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Acta Neuropathol Commun. 2016 Mar 2;4:23. doi: 10.1186/s40478-016-0291-x.

C1q-targeted inhibition of the classical complement pathway prevents injury in a novel mouse model of acute motor axonal neuropathy.

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Institute of Infection, Immunity & Inflammation, University of Glasgow, 120 University Place, Glasgow, G12 8TA, UK.
Institute of Infection, Immunity & Inflammation, University of Glasgow, 120 University Place, Glasgow, G12 8TA, UK.
Annexon Biosciences, 280 Utah Ave, Suite 110, South San Francisco, CA, 94080, USA.
College of Life and Health Sciences, Chubu University, 1200 Matsumoto-cho, Kasugai, Aichi, 487-8501, Japan.



Guillain-Barré syndrome (GBS) is an autoimmune disease that results in acute paralysis through inflammatory attack on peripheral nerves, and currently has limited, non-specific treatment options. The pathogenesis of the acute motor axonal neuropathy (AMAN) variant is mediated by complement-fixing anti-ganglioside antibodies that directly bind and injure the axon at sites of vulnerability such as nodes of Ranvier and nerve terminals. Consequently, the complement cascade is an attractive target to reduce disease severity. Recently, C5 complement component inhibitors that block the formation of the membrane attack complex and subsequent downstream injury have been shown to be efficacious in an in vivo anti-GQ1b antibody-mediated mouse model of the GBS variant Miller Fisher syndrome (MFS). However, since gangliosides are widely expressed in neurons and glial cells, injury in this model was not targeted exclusively to the axon and there are currently no pure mouse models for AMAN. Additionally, C5 inhibition does not prevent the production of early complement fragments such as C3a and C3b that can be deleterious via their known role in immune cell and macrophage recruitment to sites of neuronal damage.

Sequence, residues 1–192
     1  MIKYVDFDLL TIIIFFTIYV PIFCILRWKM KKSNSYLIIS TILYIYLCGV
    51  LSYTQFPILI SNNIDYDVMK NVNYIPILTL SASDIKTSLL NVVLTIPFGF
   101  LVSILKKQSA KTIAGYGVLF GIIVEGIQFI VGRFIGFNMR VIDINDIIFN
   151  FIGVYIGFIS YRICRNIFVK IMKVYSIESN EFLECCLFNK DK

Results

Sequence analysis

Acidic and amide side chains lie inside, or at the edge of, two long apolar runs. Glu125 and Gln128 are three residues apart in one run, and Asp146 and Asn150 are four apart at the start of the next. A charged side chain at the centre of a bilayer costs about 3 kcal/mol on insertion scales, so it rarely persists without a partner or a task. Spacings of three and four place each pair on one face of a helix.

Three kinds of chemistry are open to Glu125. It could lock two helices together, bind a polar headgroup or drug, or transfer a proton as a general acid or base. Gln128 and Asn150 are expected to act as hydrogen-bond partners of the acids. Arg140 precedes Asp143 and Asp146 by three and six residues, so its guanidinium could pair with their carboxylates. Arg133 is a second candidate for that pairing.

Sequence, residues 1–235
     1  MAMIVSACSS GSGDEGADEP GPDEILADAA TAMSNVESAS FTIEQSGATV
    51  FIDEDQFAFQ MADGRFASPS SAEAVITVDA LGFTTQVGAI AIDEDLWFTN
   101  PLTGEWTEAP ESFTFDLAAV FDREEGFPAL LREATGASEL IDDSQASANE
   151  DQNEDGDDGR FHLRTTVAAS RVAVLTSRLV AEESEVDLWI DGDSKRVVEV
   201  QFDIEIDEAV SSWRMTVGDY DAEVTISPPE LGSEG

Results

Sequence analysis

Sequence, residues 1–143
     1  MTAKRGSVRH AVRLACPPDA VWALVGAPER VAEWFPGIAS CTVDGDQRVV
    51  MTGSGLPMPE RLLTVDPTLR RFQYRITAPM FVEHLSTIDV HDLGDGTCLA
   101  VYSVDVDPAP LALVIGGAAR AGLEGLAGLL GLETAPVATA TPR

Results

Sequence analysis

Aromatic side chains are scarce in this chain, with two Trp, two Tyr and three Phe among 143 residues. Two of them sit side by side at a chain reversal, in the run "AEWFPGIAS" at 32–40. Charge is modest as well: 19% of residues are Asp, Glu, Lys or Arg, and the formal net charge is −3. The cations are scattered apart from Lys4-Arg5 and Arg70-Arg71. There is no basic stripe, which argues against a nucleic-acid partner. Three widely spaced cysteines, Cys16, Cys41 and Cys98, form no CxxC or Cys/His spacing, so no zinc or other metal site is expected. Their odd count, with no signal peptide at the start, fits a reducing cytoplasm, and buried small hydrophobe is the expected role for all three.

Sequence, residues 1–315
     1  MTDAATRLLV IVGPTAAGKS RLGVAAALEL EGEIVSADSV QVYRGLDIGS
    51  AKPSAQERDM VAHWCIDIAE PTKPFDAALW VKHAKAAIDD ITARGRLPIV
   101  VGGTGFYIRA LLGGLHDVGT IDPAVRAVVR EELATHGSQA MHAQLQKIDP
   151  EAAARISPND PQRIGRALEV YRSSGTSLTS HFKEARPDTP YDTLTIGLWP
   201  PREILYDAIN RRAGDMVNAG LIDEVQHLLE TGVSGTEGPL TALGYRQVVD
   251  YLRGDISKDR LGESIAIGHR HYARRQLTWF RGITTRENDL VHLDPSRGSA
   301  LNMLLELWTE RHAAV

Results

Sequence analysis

In this study, we first developed a new in vivo transgenic mouse model of AMAN using mice that express complex gangliosides exclusively in neurons, thereby enabling specific targeting of axons with anti-ganglioside antibodies. Secondly, we have evaluated the efficacy of a novel anti-C1q antibody (M1) that blocks initiation of the classical complement cascade, in both the newly developed anti-GM1 antibody-mediated AMAN model and our established MFS model in vivo. Anti-C1q monoclonal antibody treatment attenuated complement cascade activation and deposition, reduced immune cell recruitment and axonal injury, in both mouse models of GBS, along with improvement in respiratory function. These results demonstrate that neutralising C1q function attenuates injury with a consequent neuroprotective effect in acute GBS models and promises to be a useful new target for human therapy.

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